About Construction Projects in Allentown, PA
When you have a building project in Allentown, Pennsylvania, you first need to get zoning and permit applications. When you apply for these permits, you will need to send in the plans for your job first.
Before you apply for any building permits, check to see if Allentown requires you to have a zoning permit. If you’re doing the following type of work, you will need a zoning permit:
- New buildings that are taller than 3 feet including sheds, decks, buildings, garages, above ground pools, additions, and porches
- Parking lots, billboards, signs, and banners
You need commercial building permits under the Pennsylvania Uniform Construction Code for these building projects:
- Any new building that doesn’t count as a one- or two-family dwelling. Townhouses need pre-approval
- An addition that adds floor area or height to an existing structure
- Alterations, like renovations, to existing structures
- Repairs, like reconstructions or renewals, to a building. If you need an emergency repair, you can have the work done first and apply for the permit after. You have three business days after the repair to send in an application
- If you’re changing what the use, a.k.a. “occupancy,” of a building is for
You need residential building permits for these building projects:
- New constructions of one- or two-family homes
- New constructions of townhouses that are three stories or under
- Additions that add floor area or height
- New constructions or renovations to a home that don’t count as repairs or additions
- When you add units to property, or you change the purpose from residential usage
When you apply for building permits in Allentown, you need to send two sets of plans with your permit application.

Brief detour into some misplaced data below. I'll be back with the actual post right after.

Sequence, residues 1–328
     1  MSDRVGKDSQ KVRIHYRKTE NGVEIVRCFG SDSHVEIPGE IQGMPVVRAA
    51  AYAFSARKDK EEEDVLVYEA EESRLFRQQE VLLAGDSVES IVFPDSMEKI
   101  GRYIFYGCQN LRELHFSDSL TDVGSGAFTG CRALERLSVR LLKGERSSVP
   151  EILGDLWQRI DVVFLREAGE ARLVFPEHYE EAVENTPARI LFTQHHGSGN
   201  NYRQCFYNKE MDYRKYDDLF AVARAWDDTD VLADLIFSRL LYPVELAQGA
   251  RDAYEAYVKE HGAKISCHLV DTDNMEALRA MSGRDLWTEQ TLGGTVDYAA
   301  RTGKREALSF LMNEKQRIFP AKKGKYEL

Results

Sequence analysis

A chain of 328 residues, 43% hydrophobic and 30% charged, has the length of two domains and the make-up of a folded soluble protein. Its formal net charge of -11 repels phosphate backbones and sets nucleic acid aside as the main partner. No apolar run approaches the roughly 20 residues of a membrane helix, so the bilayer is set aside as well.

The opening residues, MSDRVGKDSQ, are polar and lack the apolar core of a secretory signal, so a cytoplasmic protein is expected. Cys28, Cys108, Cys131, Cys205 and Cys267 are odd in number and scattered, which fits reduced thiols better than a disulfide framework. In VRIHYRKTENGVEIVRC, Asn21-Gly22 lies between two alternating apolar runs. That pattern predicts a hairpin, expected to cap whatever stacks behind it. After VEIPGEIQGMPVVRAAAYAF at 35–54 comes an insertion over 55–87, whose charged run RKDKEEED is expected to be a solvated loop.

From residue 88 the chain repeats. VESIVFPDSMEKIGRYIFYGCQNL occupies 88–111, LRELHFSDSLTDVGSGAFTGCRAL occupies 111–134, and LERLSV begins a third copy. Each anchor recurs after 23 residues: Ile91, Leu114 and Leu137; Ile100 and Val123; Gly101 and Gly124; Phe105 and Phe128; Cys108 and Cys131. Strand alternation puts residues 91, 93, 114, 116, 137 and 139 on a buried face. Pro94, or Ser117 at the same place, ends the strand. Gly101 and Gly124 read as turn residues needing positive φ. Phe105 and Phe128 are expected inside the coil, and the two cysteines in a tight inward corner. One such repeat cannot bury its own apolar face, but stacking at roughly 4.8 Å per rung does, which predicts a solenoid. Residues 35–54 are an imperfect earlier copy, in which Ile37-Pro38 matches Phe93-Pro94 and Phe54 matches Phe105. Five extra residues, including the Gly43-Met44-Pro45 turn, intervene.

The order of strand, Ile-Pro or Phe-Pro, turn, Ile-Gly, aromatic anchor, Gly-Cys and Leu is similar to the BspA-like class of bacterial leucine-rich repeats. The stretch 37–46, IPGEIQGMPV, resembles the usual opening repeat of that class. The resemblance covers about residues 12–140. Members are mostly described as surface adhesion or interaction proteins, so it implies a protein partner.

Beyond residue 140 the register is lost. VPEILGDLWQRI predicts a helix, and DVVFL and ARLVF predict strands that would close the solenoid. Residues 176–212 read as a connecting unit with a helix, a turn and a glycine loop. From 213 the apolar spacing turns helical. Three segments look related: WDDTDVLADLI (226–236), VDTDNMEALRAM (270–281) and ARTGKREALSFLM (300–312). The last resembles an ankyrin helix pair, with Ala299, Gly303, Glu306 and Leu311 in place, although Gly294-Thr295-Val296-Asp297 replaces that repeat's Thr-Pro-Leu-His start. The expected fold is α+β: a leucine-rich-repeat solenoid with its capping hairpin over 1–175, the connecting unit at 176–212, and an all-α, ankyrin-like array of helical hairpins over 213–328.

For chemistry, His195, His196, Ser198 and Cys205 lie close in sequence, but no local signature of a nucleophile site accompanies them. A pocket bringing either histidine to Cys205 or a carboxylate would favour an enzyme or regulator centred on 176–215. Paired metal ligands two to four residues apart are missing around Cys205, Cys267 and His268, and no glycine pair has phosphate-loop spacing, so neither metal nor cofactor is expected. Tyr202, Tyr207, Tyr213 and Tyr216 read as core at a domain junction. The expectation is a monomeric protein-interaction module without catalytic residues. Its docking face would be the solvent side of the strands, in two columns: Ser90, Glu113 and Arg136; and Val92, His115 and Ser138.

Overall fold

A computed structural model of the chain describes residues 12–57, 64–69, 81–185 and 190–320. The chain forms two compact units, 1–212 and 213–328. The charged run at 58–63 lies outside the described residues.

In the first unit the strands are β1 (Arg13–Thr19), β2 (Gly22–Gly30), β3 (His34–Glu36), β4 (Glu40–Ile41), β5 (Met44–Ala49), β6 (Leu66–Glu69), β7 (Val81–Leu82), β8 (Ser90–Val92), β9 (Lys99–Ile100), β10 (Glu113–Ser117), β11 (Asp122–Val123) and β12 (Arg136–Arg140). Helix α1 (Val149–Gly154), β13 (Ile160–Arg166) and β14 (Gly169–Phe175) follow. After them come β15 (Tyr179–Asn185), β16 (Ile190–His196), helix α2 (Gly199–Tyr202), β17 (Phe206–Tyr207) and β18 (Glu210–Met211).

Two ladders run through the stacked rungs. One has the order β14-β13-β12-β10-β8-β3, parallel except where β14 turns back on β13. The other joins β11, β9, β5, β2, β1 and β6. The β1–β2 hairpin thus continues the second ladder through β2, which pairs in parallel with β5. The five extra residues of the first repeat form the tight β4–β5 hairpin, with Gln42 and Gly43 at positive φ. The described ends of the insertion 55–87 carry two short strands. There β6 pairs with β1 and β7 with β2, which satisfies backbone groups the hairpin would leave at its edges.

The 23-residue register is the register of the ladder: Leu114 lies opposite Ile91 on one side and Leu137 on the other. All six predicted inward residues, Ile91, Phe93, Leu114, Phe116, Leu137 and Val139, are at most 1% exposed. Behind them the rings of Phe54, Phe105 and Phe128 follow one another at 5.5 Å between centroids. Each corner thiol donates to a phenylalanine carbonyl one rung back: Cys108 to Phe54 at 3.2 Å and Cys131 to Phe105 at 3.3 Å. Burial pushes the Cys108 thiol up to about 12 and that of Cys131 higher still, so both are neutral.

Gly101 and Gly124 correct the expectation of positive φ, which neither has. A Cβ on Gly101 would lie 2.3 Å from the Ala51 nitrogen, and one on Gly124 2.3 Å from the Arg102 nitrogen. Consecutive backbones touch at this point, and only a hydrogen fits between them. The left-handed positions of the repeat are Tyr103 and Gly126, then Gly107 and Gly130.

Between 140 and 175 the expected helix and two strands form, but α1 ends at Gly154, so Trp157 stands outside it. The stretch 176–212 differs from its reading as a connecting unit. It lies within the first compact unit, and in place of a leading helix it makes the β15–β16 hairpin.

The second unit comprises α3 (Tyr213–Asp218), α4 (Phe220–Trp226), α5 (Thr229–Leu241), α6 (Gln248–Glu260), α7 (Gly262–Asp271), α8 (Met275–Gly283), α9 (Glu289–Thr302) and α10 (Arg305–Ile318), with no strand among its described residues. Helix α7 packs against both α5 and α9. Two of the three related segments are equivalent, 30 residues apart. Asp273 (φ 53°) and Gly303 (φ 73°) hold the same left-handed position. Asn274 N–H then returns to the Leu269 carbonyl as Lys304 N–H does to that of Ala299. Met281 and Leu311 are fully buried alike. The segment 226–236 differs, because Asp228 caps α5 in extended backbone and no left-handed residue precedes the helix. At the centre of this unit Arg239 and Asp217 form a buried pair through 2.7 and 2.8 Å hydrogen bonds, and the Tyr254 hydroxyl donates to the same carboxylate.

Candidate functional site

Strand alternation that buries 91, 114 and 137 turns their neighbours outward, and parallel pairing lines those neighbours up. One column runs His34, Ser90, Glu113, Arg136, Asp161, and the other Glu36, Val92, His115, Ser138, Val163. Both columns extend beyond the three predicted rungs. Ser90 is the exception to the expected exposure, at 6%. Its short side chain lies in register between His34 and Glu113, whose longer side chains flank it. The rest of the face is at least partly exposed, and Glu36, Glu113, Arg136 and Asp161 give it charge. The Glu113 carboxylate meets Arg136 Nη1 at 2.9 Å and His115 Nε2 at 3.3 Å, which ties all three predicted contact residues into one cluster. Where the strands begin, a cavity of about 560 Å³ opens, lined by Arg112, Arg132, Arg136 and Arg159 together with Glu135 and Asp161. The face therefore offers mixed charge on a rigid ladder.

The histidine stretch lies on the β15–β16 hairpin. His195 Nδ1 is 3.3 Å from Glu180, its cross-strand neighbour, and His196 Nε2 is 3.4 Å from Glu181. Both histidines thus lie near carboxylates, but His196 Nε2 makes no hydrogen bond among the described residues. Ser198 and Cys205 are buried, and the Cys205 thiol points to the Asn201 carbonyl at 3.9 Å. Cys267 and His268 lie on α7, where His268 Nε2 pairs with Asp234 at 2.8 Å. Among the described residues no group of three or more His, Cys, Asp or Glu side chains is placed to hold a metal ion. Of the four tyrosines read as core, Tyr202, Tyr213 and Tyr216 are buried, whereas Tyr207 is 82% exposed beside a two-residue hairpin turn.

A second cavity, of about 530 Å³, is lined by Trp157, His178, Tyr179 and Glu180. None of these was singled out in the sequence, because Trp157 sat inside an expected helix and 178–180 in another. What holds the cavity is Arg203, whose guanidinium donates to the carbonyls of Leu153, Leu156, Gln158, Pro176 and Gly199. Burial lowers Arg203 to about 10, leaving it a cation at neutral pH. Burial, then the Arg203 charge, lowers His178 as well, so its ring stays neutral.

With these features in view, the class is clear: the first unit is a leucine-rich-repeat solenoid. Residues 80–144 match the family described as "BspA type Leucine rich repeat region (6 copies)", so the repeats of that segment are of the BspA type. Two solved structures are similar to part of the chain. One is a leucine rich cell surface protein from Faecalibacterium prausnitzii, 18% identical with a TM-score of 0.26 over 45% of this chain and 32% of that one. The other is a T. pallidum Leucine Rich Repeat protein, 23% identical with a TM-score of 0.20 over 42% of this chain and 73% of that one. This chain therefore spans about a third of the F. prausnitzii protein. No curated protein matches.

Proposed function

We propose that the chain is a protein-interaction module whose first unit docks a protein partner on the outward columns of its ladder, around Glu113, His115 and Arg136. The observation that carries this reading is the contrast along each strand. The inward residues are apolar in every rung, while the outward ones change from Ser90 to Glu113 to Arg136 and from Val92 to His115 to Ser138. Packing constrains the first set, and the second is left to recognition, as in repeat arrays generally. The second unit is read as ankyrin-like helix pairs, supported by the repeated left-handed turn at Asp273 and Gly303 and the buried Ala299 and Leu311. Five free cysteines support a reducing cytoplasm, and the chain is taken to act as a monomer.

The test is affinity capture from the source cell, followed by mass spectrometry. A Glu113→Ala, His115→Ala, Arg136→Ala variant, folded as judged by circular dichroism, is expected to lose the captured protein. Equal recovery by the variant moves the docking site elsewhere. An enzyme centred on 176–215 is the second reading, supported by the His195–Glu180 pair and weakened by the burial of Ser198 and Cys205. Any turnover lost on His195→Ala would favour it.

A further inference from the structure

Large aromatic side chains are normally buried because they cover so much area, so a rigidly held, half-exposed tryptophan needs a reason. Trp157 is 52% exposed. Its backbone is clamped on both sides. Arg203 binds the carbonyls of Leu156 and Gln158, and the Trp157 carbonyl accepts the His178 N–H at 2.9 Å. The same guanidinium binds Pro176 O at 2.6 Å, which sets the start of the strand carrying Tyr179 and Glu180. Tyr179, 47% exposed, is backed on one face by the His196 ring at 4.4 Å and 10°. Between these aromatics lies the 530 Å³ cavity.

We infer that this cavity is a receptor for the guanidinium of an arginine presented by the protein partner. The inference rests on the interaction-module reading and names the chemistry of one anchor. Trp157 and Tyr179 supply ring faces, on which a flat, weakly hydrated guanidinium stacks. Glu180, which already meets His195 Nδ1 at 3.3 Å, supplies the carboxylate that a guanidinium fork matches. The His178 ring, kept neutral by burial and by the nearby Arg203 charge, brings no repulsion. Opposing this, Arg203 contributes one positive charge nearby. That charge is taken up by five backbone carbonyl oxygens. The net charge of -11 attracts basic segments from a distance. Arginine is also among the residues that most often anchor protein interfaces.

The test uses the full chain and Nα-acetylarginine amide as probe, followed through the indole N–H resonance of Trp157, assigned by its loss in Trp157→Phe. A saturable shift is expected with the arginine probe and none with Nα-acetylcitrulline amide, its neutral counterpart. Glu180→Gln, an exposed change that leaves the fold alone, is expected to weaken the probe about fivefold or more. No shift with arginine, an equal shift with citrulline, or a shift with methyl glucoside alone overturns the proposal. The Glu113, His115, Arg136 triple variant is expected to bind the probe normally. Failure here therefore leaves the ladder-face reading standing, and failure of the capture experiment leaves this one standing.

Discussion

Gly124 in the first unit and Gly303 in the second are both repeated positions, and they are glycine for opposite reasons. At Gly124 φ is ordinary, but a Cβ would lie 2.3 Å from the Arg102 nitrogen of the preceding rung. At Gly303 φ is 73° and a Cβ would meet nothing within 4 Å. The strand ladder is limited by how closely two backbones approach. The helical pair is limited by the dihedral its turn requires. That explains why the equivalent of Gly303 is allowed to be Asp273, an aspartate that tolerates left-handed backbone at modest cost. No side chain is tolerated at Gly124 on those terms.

Your Allentown building project will require at least one of several general permits in addition to your building and zoning permits:
- Health/food establishment permit
- Fire permit
- Engineering Permit
Allentown requires licensed contractors to do specific work on building sites including:
- Electrical work
- Sheet metal
The State of Pennsylvania is a resource for checking the HIC number of contractors you hire.
When doing residential or commercial work, you do need liability coverage for your company.
Builders’ risk insurance is a type of insurance that protects a building if any damage happens during construction work. Lots of contractors like to have this kind of insurance. It protects them from having to pay for any accidental and unexpected damage that happens during the job. Homeowners and commercial building owners sometimes buy the insurance, too. But, it doesn’t cover tools, natural disasters, and other unforeseen events, so it’s best to get it yourself.
Other kinds of insurance licensed contractors should use include: workers’ comp and general contracting insurance, to help fill the gaps that builders’ risk insurance leaves.
When on a building job in Allentown, be sure to also use the best aerial equipment for the job. Scissor lifts, boom lifts, man lifts, and forklifts are all important to make sure that your job is done safely and quickly. With your permits, licensing, liability coverage, and equipment needs to be taken care of, you’re ready to build.